It has started a little early this year, the heat I mean. We have already had several days of temperatures above 100 degrees, and of course there is no change in sight for the next few months at least. Usually this would depress me, but this year I have decided to embrace the heat, and not spend the summer hibernating miserably inside. We shall see how that turns out.

Everything is growing like mad. My Mesquite trees are in bloom and look lovely.


I adore Mesquite trees and the welcome shade they provide.

My new Desert Willow tree has lovely pale pink and purple blossom as I had hoped, and is doing well in its new home.


I have the potential for a huge tomato crop if all goes well. I am a little nervous because I have never tried to grow so many, and so I am inspecting them daily for possible pests, or other afflictions. They are starting to go red, and some are enormous, so I am cautiously optimistic.


I also have masses of peppers, small at the moment but growing every day. It wont be long before it is too hot for both tomatoes and peppers to set fruit so I hope that these all make it OK.


I am still getting lots of swiss chard although I think it is finally coming to an end. Yesterday I also harvested some of the beets, and a few of the little carrots which are delicious, along with the last of the radishes, and one Ichiban eggplant, of which there are more pending.


This is what happens when carrots aren't thinned properly. It's like a carrot-ey embrace!


Here is a view of the patio including my new non- compacted Adirondack chair which I am enjoying. I have more thirsty plants in pots on the patio than elsewhere in the yard and it makes it seem quite lush at times.


We had a lovely evening last night sitting outside late with friends, and enjoying the sights, scents, and sounds of an early summers evening. It made me feel very grateful to live here, even with the summer just around the corner. Perhaps my new approach to the heat is working already?

Happy Mother's Day to you all my friends!

Thursday, May 7, 2009

I couldn't believe my eyes........


I was out in the shade and coolness of the early morning today when I heard unusual bird sounds coming from the trees. I looked up, and could not believe my eyes! There before me perched on the branches were what could only be described as a flock of about 10- 15 parrots. They were the prettiest green, and pink birds, and I truly felt like I was dreaming for a second or two.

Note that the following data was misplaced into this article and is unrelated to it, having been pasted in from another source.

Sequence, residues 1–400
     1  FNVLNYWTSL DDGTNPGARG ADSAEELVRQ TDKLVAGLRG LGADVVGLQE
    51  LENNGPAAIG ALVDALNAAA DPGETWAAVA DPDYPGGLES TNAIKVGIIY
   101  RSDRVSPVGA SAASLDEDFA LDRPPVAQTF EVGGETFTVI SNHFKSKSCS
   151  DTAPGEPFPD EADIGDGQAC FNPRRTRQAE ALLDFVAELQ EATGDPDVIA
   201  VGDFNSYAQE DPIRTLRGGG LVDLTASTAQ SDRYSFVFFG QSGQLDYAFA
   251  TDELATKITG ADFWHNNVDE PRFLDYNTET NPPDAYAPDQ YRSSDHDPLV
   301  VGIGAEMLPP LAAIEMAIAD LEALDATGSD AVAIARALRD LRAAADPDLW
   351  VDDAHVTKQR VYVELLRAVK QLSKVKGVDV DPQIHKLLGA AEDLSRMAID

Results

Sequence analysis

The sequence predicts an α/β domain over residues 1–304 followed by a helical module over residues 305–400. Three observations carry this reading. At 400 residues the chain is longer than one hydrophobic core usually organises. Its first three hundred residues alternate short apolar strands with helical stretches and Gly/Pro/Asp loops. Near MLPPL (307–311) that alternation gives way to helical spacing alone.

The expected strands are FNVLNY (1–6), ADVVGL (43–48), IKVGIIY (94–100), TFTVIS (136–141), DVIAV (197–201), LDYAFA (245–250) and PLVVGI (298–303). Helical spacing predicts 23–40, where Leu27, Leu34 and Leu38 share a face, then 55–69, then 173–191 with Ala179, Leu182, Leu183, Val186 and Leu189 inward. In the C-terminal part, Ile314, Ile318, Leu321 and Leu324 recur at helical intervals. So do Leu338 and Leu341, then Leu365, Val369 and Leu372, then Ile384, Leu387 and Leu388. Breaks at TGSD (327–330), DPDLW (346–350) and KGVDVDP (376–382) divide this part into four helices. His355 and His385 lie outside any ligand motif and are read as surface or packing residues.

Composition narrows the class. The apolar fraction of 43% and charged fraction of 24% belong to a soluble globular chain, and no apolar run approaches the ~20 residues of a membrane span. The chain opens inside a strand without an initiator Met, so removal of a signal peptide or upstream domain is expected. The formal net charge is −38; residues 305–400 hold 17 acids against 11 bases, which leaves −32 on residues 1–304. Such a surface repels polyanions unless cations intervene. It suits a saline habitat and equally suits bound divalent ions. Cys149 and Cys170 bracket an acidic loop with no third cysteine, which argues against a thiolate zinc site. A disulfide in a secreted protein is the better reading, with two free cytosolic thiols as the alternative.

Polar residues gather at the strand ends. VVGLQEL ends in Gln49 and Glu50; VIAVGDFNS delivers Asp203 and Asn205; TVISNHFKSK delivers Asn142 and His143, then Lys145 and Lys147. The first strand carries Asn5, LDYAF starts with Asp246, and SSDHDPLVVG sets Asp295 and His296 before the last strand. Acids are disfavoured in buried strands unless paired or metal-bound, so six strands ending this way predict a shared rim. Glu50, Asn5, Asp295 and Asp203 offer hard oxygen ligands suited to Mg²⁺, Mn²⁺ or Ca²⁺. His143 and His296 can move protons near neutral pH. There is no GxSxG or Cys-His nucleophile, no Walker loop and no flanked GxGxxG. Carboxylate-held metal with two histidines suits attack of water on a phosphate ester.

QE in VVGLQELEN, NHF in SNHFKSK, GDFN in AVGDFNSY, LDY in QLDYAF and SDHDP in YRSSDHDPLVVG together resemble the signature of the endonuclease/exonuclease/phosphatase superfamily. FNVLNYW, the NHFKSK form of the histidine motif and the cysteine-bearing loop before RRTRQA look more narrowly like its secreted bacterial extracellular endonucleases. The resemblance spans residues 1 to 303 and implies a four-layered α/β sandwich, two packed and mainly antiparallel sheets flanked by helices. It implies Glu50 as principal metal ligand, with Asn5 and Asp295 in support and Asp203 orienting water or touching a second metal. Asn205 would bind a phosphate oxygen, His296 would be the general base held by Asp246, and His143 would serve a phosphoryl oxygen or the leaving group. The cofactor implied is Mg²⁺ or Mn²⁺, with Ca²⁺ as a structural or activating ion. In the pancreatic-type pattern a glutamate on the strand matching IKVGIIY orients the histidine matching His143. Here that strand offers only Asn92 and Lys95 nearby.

When I regained my senses, I ran in to get my camera, but of course by the time I got back outside my bird chasing dog Lilly had seen them off. I watched sadly as they flitted and flew through my neighbours garden.

I came straight inside to do some research and soon found out here that this was not a mirage, and that the "Peach Faced Lovebirds" I had in my backyard are native to South-western Africa, and also frequent my local area. There is even a special map where one can plot sightings, of which there have been many around here apparently.

I am so excited that I saw such a special thing, and even though these birds are imposters, I hope very much that they decide our garden is a good place to spend more time soon.

Tuesday, May 5, 2009

Independence Days

I am afraid I have been neglecting regular updates of my compacting pledge recently, not because I have abandoned it, but rather because I have been allowing life to get in the way too much. It isn't that I am going shopping crazy by any means, but we have been eating out a little more than we normally would, and I have not been taking the time to find clothes for the girls at thrift stores when it has, (I hate to admit it), been easier to run down to Target and do a one stop shop. Oh, and there was that lovely Adirondack chair I bought at Cost Plus last week!!

All is not lost. I am still heading in the right direction generally, and so I was recently delighted to discover Independence Days which I found through my friend Judy, over at My Freezer Is Full.

This project is run by a lady called Sharon Astyk, who writes a blog, and has published several books along the theme of "peak oil, climate change and economic instability."

Sharon writes "I believe that most of us can reduce our dependency on fossil fuels, help mitigate global warming, create local food systems and enable the creation of a life of abundance, even in the face of depletion." Her work focuses on encouraging all of us to get back to basics by living more simply, and frugally, so that we are able to take on whatever the future may bring, confident in our abilities to sustain ourselves in abundance.

For me the Independence Days Challenge presents an easy way for me to regularly evaluate all that I am doing towards achieving my goal of living more sustainably, simply, and gently, without resorting to long winded, and I am sure often dull posts.

Here are the weekly categories explained by Sharon:

"1. Plant something - I doubt this one needs a lot of explanation. Obviously, those of us in the Northern Hemisphere are doing a lot of this right now, but it should be a reminder that gardening isn’t “put in the garden on memorial day and that’s it” - most of us can grow over a longer season than we do, and even if you live in an apartment, you can sprout seeds. So keep on planting!